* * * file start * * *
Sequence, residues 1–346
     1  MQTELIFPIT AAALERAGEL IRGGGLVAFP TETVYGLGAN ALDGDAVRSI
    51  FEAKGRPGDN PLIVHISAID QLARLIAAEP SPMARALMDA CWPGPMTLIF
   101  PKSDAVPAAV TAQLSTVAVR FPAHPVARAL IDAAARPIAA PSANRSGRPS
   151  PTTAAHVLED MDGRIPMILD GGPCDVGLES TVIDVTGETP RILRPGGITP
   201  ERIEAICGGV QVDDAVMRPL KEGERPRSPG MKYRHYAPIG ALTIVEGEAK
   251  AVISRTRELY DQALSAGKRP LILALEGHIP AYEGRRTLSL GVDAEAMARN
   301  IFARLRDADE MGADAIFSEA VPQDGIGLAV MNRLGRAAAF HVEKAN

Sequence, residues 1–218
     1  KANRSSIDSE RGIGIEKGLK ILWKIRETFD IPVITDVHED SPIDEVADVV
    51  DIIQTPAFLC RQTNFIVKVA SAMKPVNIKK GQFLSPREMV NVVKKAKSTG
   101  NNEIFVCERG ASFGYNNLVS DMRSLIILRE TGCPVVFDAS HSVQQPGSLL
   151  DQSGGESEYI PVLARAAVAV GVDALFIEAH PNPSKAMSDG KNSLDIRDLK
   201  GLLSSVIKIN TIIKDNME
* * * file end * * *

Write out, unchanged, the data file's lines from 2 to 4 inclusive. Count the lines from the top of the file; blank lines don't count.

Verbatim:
     1  MQTELIFPIT AAALERAGEL IRGGGLVAFP TETVYGLGAN ALDGDAVRSI
    51  FEAKGRPGDN PLIVHISAID QLARLIAAEP SPMARALMDA CWPGPMTLIF
   101  PKSDAVPAAV TAQLSTVAVR FPAHPVARAL IDAAARPIAA PSANRSGRPS